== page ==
REVIEW AND MINISTRY MAGAZINES There have also been one-sided book reviews, heavily praising the book, Women in Ministry, in the Adventist Review (April 15, 1999, p. 29) and Ministry magazines (January 1999). Yet both are General Conference--not North American Division--journals, and the world church has twice rejected that which they are giving their approval to.

Calvin Rock, a General Conference vice-president, wrote this in the April 15, 1999, issue of the Review:

"The Seventh-day Adventist Church, and the broader Christian community, are indebted to the 20 authors of Women in Ministry for producing such a thoughtful, thorough treatment of the major aspects of the question Should Women be ordained as pastors in the Seventh-day Adventist Church? . . [The book employs] skillful exegesis of Scripture and careful examination of relevant E. G. White materials, showing why liberating knowledge of contextual and linguistic backgrounds is absolutely necessarly vital in ecclesiastical debate . . [and] offers a sterling challenge to those who see Scripture as forbidding women's ordination. And it provides welcome data for those who support women's ordination but who lack professional materials to bolster their belief and convincing insights for those who have not known quite how or what to decide . . [The book is a] deeply spiritual, highly reasoned, consistently logical approach to the issue of women's ordination."Calvin Rock, "Review of Women in Ministry," Adventist Review, April 15, 1999, p. 29.

THE GOAL IS A CHANGED VOTE AT TORONTO After two years work on the book, Women in Ministry was published in September 1998. Immediately, copies were placed in Adventist Book Centers throughout the world field, as well as being mailed to church leaders everywhere. Prior to the Toronto Session, a copy was sent to every delegate.

It is not often that a book is written by demand of union conference presidents. But Women in Ministry had this unusual backing. Eighteen months before the book was completed and printed, its radical content and objectives were stated in a pro-feminist journal:

"The Adventist Church structure, however legitimate, has not been, historically, an exact replica of biblical patterns of ministry. While accepting the decision of the Adventist Church not to ordain women at this time, as voted at the 1995 General Conference Session in Utrecht, the book will attempt to provide data on which to base future decisions."Adventist Today, March-April 1997 [all emphasis in quotations are ours].

After the book was published, an official press release from the Public Relations Office of Andrews University included this warning comment:

"Whether the book will signal a shift in the worldwide Adventist Church remains to be seen. In Utrecht, conservative factions from Latin America and Africa voted down the women's ordination question. The next General Conference Session, to be held in Toronto, Canada, in the year 2000, could be the site of another theological firestorm if the North American Church pushes the issue."Jack Stenger, "Andrews Professors Address Women's Ordination" Andrews University Press Release, October 22, 1998.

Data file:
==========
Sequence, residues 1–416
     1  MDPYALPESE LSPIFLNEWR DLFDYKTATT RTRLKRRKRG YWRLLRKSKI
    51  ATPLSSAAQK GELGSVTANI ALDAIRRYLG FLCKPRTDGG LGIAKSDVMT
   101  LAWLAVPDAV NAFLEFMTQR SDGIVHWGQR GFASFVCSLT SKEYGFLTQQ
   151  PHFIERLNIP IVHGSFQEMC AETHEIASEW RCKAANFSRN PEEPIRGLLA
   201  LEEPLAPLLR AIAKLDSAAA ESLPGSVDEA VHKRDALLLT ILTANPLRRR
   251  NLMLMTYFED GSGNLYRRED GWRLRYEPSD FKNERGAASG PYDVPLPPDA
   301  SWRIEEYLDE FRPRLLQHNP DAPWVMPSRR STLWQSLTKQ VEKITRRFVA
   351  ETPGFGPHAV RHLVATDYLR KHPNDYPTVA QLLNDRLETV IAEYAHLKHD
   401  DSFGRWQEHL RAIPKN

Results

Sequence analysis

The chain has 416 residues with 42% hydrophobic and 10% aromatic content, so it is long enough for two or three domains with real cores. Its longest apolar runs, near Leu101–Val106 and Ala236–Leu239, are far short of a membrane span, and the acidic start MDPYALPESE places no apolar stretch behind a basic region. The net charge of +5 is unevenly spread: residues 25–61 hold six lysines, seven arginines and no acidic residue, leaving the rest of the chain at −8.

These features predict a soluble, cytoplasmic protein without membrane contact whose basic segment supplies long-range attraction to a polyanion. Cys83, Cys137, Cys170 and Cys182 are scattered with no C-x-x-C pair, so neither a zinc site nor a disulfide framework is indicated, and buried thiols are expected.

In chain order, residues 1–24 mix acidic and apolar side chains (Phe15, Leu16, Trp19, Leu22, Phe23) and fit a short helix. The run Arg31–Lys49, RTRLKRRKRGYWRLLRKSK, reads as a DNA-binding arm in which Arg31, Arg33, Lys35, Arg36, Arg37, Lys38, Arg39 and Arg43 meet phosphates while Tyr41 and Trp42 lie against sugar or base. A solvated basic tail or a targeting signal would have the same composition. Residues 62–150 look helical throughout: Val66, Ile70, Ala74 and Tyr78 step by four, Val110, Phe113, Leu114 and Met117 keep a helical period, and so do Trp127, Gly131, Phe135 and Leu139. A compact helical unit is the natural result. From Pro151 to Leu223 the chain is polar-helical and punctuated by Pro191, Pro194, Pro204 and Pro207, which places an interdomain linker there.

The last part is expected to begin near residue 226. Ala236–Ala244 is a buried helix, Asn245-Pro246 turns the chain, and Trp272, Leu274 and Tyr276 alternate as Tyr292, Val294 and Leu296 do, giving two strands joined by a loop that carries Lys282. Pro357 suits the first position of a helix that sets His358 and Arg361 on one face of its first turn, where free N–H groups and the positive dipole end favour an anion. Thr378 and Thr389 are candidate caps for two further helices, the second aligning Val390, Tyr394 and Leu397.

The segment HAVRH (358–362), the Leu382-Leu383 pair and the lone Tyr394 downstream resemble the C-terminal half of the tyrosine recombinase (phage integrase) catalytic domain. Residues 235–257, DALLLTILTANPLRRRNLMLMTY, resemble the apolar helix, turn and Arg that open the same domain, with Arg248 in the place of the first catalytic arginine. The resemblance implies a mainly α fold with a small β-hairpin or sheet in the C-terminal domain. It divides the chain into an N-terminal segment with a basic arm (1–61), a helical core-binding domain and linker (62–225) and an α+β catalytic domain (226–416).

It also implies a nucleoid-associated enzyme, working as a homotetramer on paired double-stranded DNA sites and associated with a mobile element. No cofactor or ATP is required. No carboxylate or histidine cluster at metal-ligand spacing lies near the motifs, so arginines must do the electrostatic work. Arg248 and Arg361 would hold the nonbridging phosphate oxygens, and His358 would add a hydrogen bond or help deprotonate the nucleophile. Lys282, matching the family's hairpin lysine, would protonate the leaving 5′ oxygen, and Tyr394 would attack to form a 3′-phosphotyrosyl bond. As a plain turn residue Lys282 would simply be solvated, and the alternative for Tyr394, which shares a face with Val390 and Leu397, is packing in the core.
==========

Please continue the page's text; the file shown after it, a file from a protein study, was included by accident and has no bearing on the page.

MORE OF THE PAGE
Calvin Rock, a strong advocate of women's ordination and the General Conference vice-president who chaired the women's ordination business session at Utrecht, wrote this:

"Though unfortunately too late to inform prior [Utrecht] debate, my opinion is that Women in Ministry has the potential to be determinative in future [General Conference Session] discussion."Calvin Rock, "Review of Women in the Ministry," Adventist Review, April 15, 1999, p. 29.

The real reason for the book is "doing something about Utrecht."

And what is it that is going to be done? Either the delegates at Toronto will back down, under these continual threats or various parts of the North American Division may take the law into their own hands and the women's ordination rebellion may intensify.

But this book is only part of a several-pronged effort to prod the forthcoming Toronto Session into changing its vote. Here are four other developments:

UNION LEADERS DEMANDED CHANGE AT 1995 NAD MEETING At the October 13, 1995 Year-end Meeting of the North American Division, which was attended by every union conference leader, a commission was appointed to "expand the role of women in ministry" and "affirm women in pastoral and other spiritual ministries" (Introduction to "Presidents Commission on Women in Ministry: Report").

At that same Year-end Meeting, a majority of NAD presidents adopted a Statement of Commitment to Women in Gospel Ministry, in which they reaffirmed their belief "in the biblical rightness of women's ordination" and pledged their support for a clarification of the church's theology of ordination.

That occurred some three months before January 1996, when the Seminary appointed its Ad Hoc Committee to write the book. Why was there a need for the Seminary to write a book on the subject after the leaders had already made up their minds about the matter?

We see here evidence, not merely of a pattern of events, but of a determined ongoing campaign.

REBELLIOUS CHURCH ORDINATIONS OCCUR We have already written in detail on these various church ordinations of women pastors at the Sligo Church in Maryland (the home church of many General Conference workers), at the La Sierra University Church, and elsewhere. These incidents were carried out as a warning to Toronto, that worse rebellions would occur if the delegates did not cave in on this issue.